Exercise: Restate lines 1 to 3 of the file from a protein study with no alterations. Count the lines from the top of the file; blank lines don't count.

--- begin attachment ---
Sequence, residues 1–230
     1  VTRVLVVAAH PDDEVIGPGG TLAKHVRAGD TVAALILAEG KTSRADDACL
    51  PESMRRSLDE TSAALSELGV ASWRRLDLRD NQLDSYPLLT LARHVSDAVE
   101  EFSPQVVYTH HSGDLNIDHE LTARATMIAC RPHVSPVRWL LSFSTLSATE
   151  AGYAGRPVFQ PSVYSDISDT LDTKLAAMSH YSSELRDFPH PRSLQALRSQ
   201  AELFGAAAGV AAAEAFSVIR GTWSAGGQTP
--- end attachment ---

Sequence, residues 1–230
     1  VTRVLVVAAH PDDEVIGPGG TLAKHVRAGD TVAALILAEG KTSRADDACL
    51  PESMRRSLDE TSAALSELGV ASWRRLDLRD NQLDSYPLLT LARHVSDAVE